In Stevenot v. Stevenot, 133 A.D.2d 820, 520 N.Y.S.2d 197 (2nd Dept.1987) the Court held that absent a specific agreement the custodial parent is the proper party to determine the children's religious training.

It did so in the context of holding nugatory an alleged oral agreement to raise the parties children in the religious faith of the Congregational Church. It noted that the only agreements between divorcing spouses that would be upheld by the courts are those incorporated into separation agreements, court orders or signed stipulations.

It went on to hold that since no such agreement existed, the custodial parent is the proper party to determine the children's religious training.

In Spring v. Glawon, 89 A.D.2d 980, 454 N.Y.S.2d 140 (2nd Dept.1982) the Court enforced a provision contained in the Stipulation of Settlement, incorporated but not merged into a Judgment of Divorce, which provided that the child should have no religious upbringing without the express written consent of both parties.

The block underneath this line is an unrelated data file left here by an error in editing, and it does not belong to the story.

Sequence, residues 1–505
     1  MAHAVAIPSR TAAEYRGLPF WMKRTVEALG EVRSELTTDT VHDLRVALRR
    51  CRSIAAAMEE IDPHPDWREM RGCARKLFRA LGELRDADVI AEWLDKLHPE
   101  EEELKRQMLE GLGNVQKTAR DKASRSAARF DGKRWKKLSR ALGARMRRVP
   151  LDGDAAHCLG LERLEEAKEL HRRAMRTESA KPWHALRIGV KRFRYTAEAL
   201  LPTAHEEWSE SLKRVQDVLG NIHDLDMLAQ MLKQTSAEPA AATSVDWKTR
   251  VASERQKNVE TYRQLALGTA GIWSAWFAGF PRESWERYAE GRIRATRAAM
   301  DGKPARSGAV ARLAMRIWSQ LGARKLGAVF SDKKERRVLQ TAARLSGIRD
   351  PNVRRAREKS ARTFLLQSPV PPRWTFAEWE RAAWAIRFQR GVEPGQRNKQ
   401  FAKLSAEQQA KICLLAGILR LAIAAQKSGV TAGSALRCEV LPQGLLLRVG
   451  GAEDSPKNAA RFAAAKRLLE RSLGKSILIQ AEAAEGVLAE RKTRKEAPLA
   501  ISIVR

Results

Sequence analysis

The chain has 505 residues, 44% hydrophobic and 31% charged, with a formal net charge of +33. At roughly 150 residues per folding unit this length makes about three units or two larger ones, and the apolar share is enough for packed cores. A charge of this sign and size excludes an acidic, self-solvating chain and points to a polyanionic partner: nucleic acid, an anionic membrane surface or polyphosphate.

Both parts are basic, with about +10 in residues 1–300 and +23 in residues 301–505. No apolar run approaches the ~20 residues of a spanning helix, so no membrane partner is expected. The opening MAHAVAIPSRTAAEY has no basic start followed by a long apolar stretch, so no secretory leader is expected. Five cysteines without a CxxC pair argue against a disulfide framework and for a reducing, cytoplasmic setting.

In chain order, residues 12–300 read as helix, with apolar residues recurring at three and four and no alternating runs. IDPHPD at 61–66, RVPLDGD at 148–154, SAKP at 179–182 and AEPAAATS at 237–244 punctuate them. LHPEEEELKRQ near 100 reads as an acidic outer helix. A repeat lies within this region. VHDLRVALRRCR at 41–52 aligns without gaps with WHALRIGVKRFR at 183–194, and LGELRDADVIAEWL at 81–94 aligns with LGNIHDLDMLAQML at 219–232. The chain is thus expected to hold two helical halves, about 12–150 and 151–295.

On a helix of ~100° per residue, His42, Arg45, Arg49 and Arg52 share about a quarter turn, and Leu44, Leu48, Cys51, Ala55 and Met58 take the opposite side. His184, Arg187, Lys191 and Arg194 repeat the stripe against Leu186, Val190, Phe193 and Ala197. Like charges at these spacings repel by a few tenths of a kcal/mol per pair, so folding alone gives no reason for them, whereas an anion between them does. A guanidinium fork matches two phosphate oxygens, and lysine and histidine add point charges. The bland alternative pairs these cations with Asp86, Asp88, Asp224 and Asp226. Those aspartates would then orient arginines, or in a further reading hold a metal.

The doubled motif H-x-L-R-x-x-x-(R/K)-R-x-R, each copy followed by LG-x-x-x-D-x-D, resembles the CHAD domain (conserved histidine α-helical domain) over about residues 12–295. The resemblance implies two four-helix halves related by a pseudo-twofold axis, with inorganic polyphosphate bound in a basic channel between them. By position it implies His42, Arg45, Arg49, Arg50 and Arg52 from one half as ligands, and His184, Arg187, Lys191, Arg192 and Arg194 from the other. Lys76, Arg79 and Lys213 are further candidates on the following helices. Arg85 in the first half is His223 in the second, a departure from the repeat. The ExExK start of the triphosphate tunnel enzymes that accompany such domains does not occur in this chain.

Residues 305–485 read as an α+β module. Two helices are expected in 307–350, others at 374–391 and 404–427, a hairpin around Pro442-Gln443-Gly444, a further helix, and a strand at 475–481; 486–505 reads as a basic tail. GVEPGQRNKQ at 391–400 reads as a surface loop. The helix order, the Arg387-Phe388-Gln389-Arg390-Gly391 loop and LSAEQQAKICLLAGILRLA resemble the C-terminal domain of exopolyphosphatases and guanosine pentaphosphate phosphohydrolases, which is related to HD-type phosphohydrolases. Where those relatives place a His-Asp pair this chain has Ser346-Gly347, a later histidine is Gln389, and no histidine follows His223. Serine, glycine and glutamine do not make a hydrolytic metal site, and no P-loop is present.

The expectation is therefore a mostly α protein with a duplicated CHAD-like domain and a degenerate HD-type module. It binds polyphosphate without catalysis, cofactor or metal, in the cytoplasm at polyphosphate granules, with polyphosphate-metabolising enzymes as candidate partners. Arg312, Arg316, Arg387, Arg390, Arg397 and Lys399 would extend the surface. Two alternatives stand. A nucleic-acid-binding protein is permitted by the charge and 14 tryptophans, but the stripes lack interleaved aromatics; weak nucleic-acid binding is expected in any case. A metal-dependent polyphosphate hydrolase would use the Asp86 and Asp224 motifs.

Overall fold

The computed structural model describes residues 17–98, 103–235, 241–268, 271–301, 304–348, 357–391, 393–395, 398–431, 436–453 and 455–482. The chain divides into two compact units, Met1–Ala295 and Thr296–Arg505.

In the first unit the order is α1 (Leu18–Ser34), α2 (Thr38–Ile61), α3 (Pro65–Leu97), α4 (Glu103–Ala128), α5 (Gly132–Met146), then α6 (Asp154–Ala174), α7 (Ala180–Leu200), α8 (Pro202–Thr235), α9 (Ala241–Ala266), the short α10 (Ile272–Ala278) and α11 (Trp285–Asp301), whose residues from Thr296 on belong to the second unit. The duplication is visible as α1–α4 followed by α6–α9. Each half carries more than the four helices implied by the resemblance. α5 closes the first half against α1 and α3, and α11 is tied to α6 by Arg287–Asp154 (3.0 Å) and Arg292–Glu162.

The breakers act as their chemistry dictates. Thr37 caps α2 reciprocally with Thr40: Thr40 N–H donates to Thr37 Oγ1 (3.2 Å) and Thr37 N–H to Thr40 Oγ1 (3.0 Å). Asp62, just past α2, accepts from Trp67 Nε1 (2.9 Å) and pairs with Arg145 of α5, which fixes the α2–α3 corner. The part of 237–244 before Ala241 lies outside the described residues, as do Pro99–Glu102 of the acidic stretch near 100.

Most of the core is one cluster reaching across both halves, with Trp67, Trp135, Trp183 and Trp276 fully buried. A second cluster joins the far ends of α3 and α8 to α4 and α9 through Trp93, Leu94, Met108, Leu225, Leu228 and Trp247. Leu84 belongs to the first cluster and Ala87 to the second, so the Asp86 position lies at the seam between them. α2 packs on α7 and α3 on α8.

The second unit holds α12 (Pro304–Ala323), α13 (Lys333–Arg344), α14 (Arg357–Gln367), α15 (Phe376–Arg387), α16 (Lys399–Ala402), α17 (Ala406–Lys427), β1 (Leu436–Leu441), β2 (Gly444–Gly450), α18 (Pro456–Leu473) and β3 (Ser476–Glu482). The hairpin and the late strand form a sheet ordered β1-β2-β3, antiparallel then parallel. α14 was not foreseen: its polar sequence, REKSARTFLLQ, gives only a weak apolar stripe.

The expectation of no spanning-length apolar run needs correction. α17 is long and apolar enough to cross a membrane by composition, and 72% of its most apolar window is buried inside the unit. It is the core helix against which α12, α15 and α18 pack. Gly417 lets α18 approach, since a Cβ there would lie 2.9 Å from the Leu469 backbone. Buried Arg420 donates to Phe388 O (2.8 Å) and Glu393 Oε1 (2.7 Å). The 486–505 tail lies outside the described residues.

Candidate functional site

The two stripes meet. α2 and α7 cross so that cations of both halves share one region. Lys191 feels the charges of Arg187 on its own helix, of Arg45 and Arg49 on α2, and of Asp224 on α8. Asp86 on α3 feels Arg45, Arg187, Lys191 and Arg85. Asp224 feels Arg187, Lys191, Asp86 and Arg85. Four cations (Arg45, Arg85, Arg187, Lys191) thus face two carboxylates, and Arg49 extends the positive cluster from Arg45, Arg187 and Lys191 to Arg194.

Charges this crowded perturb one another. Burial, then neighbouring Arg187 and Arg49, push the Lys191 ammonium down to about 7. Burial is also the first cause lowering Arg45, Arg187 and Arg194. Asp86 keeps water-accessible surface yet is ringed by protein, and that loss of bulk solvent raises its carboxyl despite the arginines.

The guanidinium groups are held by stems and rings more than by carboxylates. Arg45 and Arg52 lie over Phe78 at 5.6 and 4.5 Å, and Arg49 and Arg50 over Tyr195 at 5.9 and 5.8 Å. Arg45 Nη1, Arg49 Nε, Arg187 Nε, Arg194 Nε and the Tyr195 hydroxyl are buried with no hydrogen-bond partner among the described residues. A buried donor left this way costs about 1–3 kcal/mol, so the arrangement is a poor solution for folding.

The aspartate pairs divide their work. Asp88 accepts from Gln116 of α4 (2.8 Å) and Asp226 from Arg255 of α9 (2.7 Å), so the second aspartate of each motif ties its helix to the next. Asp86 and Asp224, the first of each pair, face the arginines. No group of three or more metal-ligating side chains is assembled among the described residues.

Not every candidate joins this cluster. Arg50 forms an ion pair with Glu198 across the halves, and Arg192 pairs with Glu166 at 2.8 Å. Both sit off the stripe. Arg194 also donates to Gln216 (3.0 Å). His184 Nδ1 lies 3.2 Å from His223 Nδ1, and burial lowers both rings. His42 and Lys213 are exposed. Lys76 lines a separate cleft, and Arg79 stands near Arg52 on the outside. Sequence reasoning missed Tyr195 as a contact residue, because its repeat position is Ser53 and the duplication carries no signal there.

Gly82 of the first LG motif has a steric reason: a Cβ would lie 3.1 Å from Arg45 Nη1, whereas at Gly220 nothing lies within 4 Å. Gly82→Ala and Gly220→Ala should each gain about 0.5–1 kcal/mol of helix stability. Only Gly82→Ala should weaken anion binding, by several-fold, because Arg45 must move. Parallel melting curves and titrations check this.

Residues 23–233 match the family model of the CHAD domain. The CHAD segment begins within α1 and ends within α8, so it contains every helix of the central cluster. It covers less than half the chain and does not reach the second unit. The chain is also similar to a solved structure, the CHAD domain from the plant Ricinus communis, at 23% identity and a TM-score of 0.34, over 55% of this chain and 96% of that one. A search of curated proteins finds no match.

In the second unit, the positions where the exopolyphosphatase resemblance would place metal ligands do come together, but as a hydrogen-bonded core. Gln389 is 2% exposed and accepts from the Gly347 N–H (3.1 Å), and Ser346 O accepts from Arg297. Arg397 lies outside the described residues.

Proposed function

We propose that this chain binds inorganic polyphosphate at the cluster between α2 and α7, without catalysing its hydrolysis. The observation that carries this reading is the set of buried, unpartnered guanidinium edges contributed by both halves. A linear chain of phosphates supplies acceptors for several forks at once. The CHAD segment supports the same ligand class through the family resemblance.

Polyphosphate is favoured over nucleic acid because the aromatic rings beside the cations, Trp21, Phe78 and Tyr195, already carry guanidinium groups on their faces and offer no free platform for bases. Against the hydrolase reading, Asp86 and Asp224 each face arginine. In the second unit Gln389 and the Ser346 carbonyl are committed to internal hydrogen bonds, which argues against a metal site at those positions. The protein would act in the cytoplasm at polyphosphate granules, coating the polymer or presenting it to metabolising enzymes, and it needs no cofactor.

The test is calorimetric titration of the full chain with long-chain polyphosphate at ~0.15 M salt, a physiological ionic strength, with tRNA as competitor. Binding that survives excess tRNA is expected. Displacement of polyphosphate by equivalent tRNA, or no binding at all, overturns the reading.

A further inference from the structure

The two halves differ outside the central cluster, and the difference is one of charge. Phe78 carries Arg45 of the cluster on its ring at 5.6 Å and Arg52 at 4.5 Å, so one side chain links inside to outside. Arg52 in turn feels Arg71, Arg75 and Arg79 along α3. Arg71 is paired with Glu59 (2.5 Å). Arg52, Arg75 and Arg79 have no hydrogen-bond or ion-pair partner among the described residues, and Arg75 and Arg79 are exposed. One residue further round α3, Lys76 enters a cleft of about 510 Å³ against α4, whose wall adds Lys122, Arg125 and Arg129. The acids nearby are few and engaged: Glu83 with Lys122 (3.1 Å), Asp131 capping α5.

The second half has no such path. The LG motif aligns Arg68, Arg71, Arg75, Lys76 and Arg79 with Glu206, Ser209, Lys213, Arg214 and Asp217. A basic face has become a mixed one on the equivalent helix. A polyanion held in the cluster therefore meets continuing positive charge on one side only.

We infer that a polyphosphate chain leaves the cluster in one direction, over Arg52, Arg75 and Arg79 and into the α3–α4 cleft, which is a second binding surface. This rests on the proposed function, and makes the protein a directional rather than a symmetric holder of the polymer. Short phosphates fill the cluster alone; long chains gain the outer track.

It rejected the custodial parent's argument that the child should be enrolled in a Catholic parochial school which, not only was located one block from her residence, but which offered a superior educational opportunity for her son.

The Court noted "as a matter of policy, the initial policy of the courts with respect to the religious upbringing of a child should be one of non- interference. (In Matter of Paolella v. Philips, 27 Misc.2nd 763 [209 N.Y.S.2d 165 (1960)]. The determination of that matter is best left to the child, if of sufficient age and intelligence, the agreement of the parents or, where there is no agreement, to *460 the custodial parent. See Matter of Paolella v. Philips, supra, see also Martin v. Martin, 308 NY 136 [123 N.E.2d 812 (1954)]; Mester v. Mester, 58 Misc.2nd 790 [296 N.Y.S.2d 193 (1969)] )." 89 A.D.2d at 981, 454 N.Y.S.2d 140.